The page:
Beats headphones are sold in an Apple store on May 9, 2014 in New York City.
Andrew Burton—Getty Images
September 23, 2014 11:32 AM EDT

Today isn’t the day Beats Music died. But that’s just around the bend.

Apple issued a rare public denial Monday of a report that the company is shuttering the Beats Music streaming service, which it acquired along with the rest of Beats in a $3-billion deal earlier this year. Apple didn’t say much else, leaving the tech world guessing about the future of Beats Music—and even if Apple’s denying it will shutter Beats Music today, this week or this month, it probably will do exactly that sometime down the road.

Apple bought Beats back in May, the $3-billion price tag making Beats the cash-loaded company’s biggest-ever acquisition. Initially, the deal looked to many like it was about Beats’ best-known product: Those iconic, typically bass-heavy headphones that are more status symbol than audiophile heaven. But it was really about software: Apple’s music platform, iTunes, is built around a download model, while music fans’ preferences are quickly shifting towards streaming services like Spotify and Pandora. iTunes has a streaming service of its own in iTunes Radio, but it hasn’t taken off in a way that would satisfy Apple (remember iTunes Ping? Me neither).

Apple needed a way to catch up quick, and so it looked outside the company and found Beats, home not just to headphones but also Beats Music, a streaming service with some quarter-million paying subscribers. That’s not much compared to, say, Spotify (10 million paid users), but it was enough to signal to Apple there were some smart people working at Beats—not to mention co-founders Jimmy Iovine and Dr. Dre, who would come to Apple with some of the most loaded rolodexes in the music biz. Other big Beats brains, like CEO Ian Rogers, came to Apple as well, working on iTunes Radio.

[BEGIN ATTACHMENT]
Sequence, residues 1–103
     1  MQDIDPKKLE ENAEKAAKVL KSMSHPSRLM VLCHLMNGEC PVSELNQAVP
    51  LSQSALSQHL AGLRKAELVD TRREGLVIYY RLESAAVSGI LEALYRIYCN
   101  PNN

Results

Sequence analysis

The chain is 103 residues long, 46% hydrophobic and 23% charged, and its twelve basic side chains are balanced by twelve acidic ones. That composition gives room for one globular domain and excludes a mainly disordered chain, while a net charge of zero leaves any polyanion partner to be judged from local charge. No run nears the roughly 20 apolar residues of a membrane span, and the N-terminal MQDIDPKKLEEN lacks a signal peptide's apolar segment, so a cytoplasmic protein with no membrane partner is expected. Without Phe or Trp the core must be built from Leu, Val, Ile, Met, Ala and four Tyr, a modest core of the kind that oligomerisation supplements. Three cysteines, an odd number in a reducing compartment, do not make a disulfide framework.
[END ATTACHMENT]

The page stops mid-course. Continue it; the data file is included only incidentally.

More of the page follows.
So Apple eventually putting an end to Beats Music as a standalone streaming service makes plenty of sense: It bought Beats primarily for the talent, contacts and software, not because it wants to run two separately branded music services. No matter how much CEO Tim Cook claims to love Beats Music, what Apple will most likely do at some point down the road is something it and other tech companies do all the time: Shutter a purchased company’s service while integrating it into its pre-existing and Apple-branded software. With only a quarter-million users—well overshadowed by rivals Spotify and Pandora, who have a combined 240 million users at varying degrees of activeness—there’s just little reason to keep the Beats Music brand alive.

Ironically enough, Beats Music’s eventual death will be an echo from its own past. Beats Music was born only after Beats acquired streaming service MOG back in 2012. MOG was shut down earlier this year so Beats could focus on Beats Music, and now Beats Music faces the same fate. MOG was left on life support for a couple years, so there’s precedent for Beats Music to survive for some time —but the writing’s been on the wall since May. Expect, however, Beats headphones to stick around —they fly off the shelves in the way Apple’s own iPod once did, and it would be a mistake for Apple to mess with their success.


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